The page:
The National Science Foundation received over 17,000 applications this year for the Graduate Research Fellowship program and made 2,000 award offers. As one of the 2016 awardees, Robert will receive three years of tuition and a stipend from NSF. The award is intended to recognize promising scientists at the beginning of their careers, giving them the resources to reach their career goals.
Before starting at Emory, Robert served as a platoon senior medic in the Army’s 3rd Ranger Battalion. He brings this unique leadership experience to his work in chemistry through a commitment to building community using science. “I am really interested in working to introduce scientific conversations to those who may not realize the profound impact science has on every aspect of our daily lives. I hope to encourage young students to embrace scientific discovery and pursue careers in the STEM fields,” he says.
Robert’s research at Emory takes place in the context of the NSF Center for Selective C-H Functionalization. “C–H functionalization is new, relevant, and rapidly changing the way we approach organic synthesis. C–H functionalization bypasses the need for traditional functional groups saving time, money, and reducing the waste associated with synthesis.” Robert’s research project focuses on developing novel catalysts for N-sulfonyltriazoles–nitrogen-based compounds. This research has the potential for broad impact as nitrogen is found everywhere in nature and is an important component of many pharmaceuticals. “Inserting nitrogen through functionalization will save time and money in pharmaceutical synthesis,” explains Robert.
The research also has the potential to lead Robert on new professional adventures. “The CCHF offers a study abroad component, and this research would facilitate a great opportunity to collaborate with the Iatmi group in Japan.” The NSF award also opens up the possibility to participate in NSF’s Graduate Opportunities Worldwide (GROW) program. “I would like to take advantage of GROW to study abroad,” says Kubiak. “It will be an opportunity to develop my ability to teach basic scientific skills—ideally in a community where access to higher scientific education is limited.”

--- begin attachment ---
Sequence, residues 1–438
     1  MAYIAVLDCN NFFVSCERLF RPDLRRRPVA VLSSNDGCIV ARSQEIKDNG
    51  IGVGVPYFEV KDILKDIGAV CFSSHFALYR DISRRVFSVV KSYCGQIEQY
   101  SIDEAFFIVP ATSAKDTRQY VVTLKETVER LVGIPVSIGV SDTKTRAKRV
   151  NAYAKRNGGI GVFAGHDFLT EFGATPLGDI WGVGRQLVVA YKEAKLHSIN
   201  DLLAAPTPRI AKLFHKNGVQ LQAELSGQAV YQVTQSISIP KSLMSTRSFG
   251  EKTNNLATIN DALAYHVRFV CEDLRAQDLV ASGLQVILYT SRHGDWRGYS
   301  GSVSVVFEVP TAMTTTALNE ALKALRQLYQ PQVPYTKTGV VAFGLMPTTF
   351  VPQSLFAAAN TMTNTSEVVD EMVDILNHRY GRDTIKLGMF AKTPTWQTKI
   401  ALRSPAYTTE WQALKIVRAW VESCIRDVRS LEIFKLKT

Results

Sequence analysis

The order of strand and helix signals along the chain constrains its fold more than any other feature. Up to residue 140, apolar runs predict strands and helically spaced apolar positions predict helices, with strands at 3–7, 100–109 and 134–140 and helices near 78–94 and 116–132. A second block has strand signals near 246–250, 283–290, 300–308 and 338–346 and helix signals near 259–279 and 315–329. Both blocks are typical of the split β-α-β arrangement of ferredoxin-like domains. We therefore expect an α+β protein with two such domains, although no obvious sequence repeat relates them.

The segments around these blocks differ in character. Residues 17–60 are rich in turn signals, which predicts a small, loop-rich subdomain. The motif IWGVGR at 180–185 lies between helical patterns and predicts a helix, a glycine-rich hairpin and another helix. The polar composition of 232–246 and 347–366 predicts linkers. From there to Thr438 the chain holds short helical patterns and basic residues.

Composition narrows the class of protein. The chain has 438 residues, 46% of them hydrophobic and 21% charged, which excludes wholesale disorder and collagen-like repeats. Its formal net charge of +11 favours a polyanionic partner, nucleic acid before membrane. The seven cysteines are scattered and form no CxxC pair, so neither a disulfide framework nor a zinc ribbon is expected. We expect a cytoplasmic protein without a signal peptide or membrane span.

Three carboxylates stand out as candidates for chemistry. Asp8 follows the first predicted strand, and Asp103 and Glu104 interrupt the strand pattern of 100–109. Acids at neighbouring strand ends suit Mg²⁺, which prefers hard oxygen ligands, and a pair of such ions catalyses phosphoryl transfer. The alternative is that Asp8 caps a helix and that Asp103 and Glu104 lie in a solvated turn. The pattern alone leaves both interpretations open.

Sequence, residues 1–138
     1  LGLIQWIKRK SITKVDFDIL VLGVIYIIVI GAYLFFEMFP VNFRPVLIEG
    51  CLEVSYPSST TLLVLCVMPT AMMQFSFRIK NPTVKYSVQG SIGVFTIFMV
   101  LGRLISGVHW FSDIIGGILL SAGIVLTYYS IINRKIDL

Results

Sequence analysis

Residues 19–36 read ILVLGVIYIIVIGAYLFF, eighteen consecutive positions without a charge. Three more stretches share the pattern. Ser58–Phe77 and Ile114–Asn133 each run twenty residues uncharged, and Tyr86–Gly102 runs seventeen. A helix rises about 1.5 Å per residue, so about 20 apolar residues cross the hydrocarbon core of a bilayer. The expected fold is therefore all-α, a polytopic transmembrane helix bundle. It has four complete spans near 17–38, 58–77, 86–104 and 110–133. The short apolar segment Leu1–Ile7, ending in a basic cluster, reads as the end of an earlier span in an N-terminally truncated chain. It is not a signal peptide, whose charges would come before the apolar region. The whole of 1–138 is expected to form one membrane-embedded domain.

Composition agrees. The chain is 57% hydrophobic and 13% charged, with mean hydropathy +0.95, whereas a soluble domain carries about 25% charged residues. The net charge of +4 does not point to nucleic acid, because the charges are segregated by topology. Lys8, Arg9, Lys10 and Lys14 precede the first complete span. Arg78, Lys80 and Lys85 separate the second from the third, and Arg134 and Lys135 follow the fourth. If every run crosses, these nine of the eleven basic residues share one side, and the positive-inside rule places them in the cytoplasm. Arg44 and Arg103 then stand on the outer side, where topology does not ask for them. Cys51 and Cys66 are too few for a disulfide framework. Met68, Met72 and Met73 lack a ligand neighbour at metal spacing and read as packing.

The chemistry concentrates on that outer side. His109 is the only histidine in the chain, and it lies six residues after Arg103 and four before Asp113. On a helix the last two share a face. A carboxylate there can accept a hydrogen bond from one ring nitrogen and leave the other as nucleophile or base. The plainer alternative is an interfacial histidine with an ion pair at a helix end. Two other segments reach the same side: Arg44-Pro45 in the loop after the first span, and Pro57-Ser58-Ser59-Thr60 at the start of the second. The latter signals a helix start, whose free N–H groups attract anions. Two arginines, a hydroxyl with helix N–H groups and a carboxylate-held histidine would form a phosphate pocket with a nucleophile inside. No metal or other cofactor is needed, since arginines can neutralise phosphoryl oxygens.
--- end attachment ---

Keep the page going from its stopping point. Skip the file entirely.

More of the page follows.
Robert’s proposal was completed in chemistry’s Proposal Writing Course, led by Frank McDonald. Robert says that his experience in the course was “absolutely critical in articulating my past experiences in a meaningful way that made me a competitive applicant.” Robert hopes to draw on the resources of the award to further develop his own mentoring skills. “I plan on working very hard over the next couple of years to develop a robust understanding of organic chemistry, my skills as a research scientist, and my proficiency as a mentor in the field. Fortunately, these goals go hand-in-hand together.”
Emory was well represented at the National Organization for Black Chemists and Chemical Engineers Conference (NOBCChE) last week.
Wallace Derricotte (Graduate Student, Evangelista Group) gave a research talk and received the ACS “Graduate Student Exchange Award” at NOBCChE. The award is a joint program between the American Chemical Society and other chemistry related organizations to provide students of these satellite organizations with travel funds for ACS national and regional conferences.
Keon Reid (Graduate Student, Kindt Group) received a NOBCChE conference award, the “Advancing Science Travel Grant.” The award covers registration and hotel costs for the conference and is intended to encourage graduate students and postdocs to attend NOBCChE in recognition of the integral contributions they make to the conference community. Keon also gave an excellent poster presentation at the conference.
Congratulations, Wallace and Keon!
Monya Ruffin, Senior Scientist and Director of Community, Diversity, and Outreach in the CCHF Center at Emory, gave a professional development talk on science communication.